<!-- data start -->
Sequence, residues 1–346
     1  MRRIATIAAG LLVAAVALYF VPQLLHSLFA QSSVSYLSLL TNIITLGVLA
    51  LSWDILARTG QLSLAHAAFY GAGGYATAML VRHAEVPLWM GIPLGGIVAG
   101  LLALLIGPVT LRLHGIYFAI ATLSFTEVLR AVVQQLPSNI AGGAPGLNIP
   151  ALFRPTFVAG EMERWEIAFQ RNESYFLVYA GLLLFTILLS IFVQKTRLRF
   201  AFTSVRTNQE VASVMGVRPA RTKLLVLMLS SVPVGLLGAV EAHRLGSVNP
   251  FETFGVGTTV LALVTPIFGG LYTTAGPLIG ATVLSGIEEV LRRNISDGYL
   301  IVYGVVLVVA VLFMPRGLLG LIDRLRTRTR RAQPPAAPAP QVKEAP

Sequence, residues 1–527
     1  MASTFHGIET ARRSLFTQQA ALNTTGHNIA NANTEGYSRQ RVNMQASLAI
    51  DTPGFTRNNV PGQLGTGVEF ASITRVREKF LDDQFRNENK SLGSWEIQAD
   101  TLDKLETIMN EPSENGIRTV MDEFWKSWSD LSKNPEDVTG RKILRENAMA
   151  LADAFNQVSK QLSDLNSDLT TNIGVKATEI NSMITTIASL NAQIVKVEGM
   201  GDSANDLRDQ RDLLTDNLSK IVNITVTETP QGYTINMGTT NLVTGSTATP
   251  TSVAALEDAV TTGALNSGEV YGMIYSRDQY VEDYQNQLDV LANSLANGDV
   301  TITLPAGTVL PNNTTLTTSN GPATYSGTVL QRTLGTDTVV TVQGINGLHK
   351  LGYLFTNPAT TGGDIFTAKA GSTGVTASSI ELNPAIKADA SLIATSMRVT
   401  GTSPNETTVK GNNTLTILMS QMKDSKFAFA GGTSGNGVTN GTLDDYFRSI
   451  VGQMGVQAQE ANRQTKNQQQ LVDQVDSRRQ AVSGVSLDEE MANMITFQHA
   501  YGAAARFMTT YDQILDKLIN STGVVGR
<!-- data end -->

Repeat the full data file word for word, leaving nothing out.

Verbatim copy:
Sequence, residues 1–346
     1  MRRIATIAAG LLVAAVALYF VPQLLHSLFA QSSVSYLSLL TNIITLGVLA
    51  LSWDILARTG QLSLAHAAFY GAGGYATAML VRHAEVPLWM GIPLGGIVAG
   101  LLALLIGPVT LRLHGIYFAI ATLSFTEVLR AVVQQLPSNI AGGAPGLNIP
   151  ALFRPTFVAG EMERWEIAFQ RNESYFLVYA GLLLFTILLS IFVQKTRLRF
   201  AFTSVRTNQE VASVMGVRPA RTKLLVLMLS SVPVGLLGAV EAHRLGSVNP
   251  FETFGVGTTV LALVTPIFGG LYTTAGPLIG ATVLSGIEEV LRRNISDGYL
   301  IVYGVVLVVA VLFMPRGLLG LIDRLRTRTR RAQPPAAPAP QVKEAP

Sequence, residues 1–527
     1  MASTFHGIET ARRSLFTQQA ALNTTGHNIA NANTEGYSRQ RVNMQASLAI
    51  DTPGFTRNNV PGQLGTGVEF ASITRVREKF LDDQFRNENK SLGSWEIQAD
   101  TLDKLETIMN EPSENGIRTV MDEFWKSWSD LSKNPEDVTG RKILRENAMA
   151  LADAFNQVSK QLSDLNSDLT TNIGVKATEI NSMITTIASL NAQIVKVEGM
   201  GDSANDLRDQ RDLLTDNLSK IVNITVTETP QGYTINMGTT NLVTGSTATP
   251  TSVAALEDAV TTGALNSGEV YGMIYSRDQY VEDYQNQLDV LANSLANGDV
   301  TITLPAGTVL PNNTTLTTSN GPATYSGTVL QRTLGTDTVV TVQGINGLHK
   351  LGYLFTNPAT TGGDIFTAKA GSTGVTASSI ELNPAIKADA SLIATSMRVT
   401  GTSPNETTVK GNNTLTILMS QMKDSKFAFA GGTSGNGVTN GTLDDYFRSI
   451  VGQMGVQAQE ANRQTKNQQQ LVDQVDSRRQ AVSGVSLDEE MANMITFQHA
   501  YGAAARFMTT YDQILDKLIN STGVVGR